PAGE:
Woodmore: Court denies cell phone records request

Larry Limpf

A recommendation to deny a request by an Elmore resident for cell phone call/text detail logs of Woodmore school board members and administrators was filed Wednesday in the Ohio Court of Claims.
A special master of the court recommended the denial in the case brought by Denise Paule, who had lodged a complaint last year alleging she was denied access to public records by the school district.
In court mediation sessions, Paule and the district resolved all of her requests except for two that sought the cell phone call/text logs, according to the latest filing, which notes that Woodmore officials asserted the requested documents were not records of the district.
“Requester (Paule) alleges that the officials conducted district business by calls and texts using personal cell phones, and that the district pays monthly for their cell phone use for school business,”
the court entry says. “The special master found that this stipend is not contingent on any particular cell phone use, and that respondent (Woodmore) does not require recipients to provide copies of their cell phone records in order to receive the stipend.”
Paule also argued the district was responsible because there was a “quasi-agency relationship” between it and the cellular service providers but the special master disagreed, finding “no evidence that the public officials’ cellular service providers prepared cell/text logs in order to carry out respondent’s responsibilities, or that respondent was able to monitor the provider’s performance in this respect,” the court wrote.
Last September, Paule requested from the district administration all email correspondence from June 9-25, 2017, between several past and present school board members and administrators.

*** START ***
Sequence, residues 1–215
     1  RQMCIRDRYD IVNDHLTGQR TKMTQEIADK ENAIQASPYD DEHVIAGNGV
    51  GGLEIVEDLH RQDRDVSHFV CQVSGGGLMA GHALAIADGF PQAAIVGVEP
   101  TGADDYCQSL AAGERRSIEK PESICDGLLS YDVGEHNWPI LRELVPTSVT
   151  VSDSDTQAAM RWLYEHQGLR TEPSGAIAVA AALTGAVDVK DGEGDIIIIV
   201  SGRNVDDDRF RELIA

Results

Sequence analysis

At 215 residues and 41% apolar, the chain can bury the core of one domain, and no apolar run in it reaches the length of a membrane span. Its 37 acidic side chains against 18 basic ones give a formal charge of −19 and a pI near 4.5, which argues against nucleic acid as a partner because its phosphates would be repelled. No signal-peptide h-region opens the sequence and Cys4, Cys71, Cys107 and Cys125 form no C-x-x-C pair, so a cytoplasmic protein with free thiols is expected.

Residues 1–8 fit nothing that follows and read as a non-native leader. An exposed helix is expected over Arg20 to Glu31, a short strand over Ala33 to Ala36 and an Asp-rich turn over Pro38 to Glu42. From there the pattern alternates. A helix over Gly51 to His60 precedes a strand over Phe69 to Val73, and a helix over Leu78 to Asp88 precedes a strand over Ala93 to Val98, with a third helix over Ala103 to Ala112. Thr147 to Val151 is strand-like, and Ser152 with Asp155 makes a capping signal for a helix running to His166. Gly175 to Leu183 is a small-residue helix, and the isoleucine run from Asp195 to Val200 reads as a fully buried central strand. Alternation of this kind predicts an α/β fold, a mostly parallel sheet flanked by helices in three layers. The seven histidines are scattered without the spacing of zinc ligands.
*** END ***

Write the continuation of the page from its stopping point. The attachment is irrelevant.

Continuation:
She also requested cell phone call/text detail logs regarding school district business.
The administration responded to Paule on Oct. 8, providing emails between the board members and administrators but denying her requests for the cell phone text logs and emails to the district’s law firm.
“If you are asking for the call/text logs, your request for copies of the personal cell phone call/text log detail of the employees listed in the request is denied because your request does not pertain to ‘public records’ as defined by Ohio Revised Code,” Dan Russomanno, district treasurer, responded by email to Paule. “These personal cell phone call/text log details are not created by the school district, they are not received by the school district, and they do not come under the jurisdiction of the school district.”
Communication between board members and the law firm is subject to attorney-client privilege, he wrote, and some of the other requested records were denied or redacted because they fall under The Family Educational Rights and Privacy Act.
Paule’s initial complaint argues the school board violated state law by not holding a meeting for deliberating action it took after an incident at a June 11, 2017 meeting. While the board was in executive session someone in the audience allegedly turned off a board recording device in the room where the open session was being held and a few minutes later turned it back on before the board reconvened.
Rather than discussing the incident in a public meeting and then deciding to take action, Paule’s complaint says, board members discussed the matter by cell phone and emails.
“They have chosen to conduct their business on cellular phone which then created the record. The public’s right to open government then leads to the only document they created which is cell phone records and the call/text log created the minute they hit send,” her complaint says.
“My question is, where was that decision made? There has to be something documented that the board is going into a session to have executive discussion if it’s private. None of that is there. That is why I’m seeking records on that,” she said at the time.
Tim Rettig, who became the district superintendent after the board’s June 11 meeting, said the board has since adopted a policy of not leaving a recorder on when adjourning for an executive session.


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